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Multiple imputation of missing values was not necessary before performing a longitudinal mixed-model analysis.

Research paper by Jos J Twisk, Michiel M de Boer, Wieke W de Vente, Martijn M Heymans

Indexed on: 25 Jun '13Published on: 25 Jun '13Published in: Journal of Clinical Epidemiology



Abstract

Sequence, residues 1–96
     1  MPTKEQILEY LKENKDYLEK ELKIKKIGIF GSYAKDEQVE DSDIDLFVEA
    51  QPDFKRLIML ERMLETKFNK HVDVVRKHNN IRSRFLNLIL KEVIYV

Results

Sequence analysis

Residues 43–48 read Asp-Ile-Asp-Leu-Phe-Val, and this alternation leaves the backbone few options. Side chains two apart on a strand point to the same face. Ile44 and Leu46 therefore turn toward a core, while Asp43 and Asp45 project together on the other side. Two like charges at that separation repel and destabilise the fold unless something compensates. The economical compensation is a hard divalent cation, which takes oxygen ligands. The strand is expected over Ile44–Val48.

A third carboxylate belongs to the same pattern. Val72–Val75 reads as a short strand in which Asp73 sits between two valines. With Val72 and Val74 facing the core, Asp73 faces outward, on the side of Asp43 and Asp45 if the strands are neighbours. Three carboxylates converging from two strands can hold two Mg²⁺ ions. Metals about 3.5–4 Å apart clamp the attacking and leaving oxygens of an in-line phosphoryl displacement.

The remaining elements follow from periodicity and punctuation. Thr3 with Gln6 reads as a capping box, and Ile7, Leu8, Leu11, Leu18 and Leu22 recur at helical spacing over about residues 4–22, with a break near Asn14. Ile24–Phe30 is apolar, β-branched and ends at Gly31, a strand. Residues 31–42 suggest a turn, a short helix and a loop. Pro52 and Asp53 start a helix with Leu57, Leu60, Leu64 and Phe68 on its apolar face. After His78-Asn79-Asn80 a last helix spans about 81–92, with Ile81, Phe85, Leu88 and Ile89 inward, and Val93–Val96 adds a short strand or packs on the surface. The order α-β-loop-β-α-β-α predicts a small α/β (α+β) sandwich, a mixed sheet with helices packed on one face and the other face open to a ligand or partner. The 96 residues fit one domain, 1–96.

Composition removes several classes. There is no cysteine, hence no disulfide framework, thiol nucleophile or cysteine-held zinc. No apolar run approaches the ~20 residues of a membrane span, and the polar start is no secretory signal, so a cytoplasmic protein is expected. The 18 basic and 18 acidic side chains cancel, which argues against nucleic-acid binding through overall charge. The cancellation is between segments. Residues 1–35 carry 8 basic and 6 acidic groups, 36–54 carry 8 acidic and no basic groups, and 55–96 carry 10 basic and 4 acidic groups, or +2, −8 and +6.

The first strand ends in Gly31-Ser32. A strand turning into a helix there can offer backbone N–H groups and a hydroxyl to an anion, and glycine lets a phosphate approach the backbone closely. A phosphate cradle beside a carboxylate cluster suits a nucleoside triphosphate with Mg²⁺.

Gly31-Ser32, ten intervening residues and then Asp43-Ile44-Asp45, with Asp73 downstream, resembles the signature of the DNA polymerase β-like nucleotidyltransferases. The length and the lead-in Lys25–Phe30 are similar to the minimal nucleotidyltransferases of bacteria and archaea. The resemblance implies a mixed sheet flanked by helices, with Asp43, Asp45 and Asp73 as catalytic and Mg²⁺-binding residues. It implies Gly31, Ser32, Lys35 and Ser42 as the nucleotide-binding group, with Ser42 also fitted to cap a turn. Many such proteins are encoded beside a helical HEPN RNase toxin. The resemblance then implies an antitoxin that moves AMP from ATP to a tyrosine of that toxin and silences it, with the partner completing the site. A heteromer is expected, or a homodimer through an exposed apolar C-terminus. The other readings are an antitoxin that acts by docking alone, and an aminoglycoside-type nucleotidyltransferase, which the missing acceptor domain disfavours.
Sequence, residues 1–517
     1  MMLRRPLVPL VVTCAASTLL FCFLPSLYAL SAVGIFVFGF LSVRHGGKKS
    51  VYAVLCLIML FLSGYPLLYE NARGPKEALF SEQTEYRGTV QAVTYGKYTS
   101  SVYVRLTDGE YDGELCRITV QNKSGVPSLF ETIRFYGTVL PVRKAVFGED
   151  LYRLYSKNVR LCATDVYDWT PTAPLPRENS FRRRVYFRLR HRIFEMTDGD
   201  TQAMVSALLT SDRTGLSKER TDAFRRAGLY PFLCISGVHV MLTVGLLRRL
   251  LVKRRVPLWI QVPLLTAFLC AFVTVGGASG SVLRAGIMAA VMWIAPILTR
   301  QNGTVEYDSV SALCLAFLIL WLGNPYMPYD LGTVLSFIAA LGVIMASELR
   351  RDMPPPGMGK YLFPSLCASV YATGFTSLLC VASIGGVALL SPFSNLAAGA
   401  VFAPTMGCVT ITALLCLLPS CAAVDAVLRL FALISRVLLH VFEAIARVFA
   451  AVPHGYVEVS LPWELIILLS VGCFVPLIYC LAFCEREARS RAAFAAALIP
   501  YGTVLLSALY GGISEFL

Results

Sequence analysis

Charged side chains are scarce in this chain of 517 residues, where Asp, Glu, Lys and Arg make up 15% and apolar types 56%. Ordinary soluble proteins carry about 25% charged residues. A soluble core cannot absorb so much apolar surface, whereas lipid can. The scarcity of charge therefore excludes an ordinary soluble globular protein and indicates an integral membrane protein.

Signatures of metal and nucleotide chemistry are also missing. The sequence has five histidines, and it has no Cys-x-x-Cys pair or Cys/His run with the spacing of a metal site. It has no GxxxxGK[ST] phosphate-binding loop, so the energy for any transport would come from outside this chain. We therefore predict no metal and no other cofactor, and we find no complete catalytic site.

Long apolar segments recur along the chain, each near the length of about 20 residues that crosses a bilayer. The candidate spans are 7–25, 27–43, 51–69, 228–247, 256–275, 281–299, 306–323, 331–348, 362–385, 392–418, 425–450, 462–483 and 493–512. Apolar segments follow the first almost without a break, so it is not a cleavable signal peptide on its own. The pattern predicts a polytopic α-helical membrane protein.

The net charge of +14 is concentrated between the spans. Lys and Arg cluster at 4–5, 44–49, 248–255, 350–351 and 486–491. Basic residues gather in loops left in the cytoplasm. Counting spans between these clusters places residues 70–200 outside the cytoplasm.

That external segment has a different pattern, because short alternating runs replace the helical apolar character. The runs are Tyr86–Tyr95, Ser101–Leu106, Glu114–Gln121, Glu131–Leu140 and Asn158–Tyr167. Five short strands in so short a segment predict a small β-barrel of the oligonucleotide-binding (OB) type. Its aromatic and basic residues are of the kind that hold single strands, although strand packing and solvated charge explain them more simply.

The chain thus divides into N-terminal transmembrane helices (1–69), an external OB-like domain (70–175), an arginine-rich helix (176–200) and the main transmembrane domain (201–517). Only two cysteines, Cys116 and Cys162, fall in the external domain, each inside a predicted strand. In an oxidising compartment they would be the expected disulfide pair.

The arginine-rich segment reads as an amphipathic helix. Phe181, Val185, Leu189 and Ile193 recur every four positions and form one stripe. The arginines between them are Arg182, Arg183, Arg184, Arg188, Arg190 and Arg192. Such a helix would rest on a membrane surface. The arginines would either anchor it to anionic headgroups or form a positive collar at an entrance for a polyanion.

As a result of the development of sophisticated techniques, such as multiple imputation, the interest in handling missing data in longitudinal studies has increased enormously in past years. Within the field of longitudinal data analysis, there is a current debate on whether it is necessary to use multiple imputations before performing a mixed-model analysis to analyze the longitudinal data. In the current study this necessity is evaluated.The results of mixed-model analyses with and without multiple imputation were compared with each other. Four data sets with missing values were created-one data set with missing completely at random, two data sets with missing at random, and one data set with missing not at random). In all data sets, the relationship between a continuous outcome variable and two different covariates were analyzed: a time-independent dichotomous covariate and a time-dependent continuous covariate.Although for all types of missing data, the results of the mixed-model analysis with or without multiple imputations were slightly different, they were not in favor of one of the two approaches. In addition, repeating the multiple imputations 100 times showed that the results of the mixed-model analysis with multiple imputation were quite unstable.It is not necessary to handle missing data using multiple imputations before performing a mixed-model analysis on longitudinal data.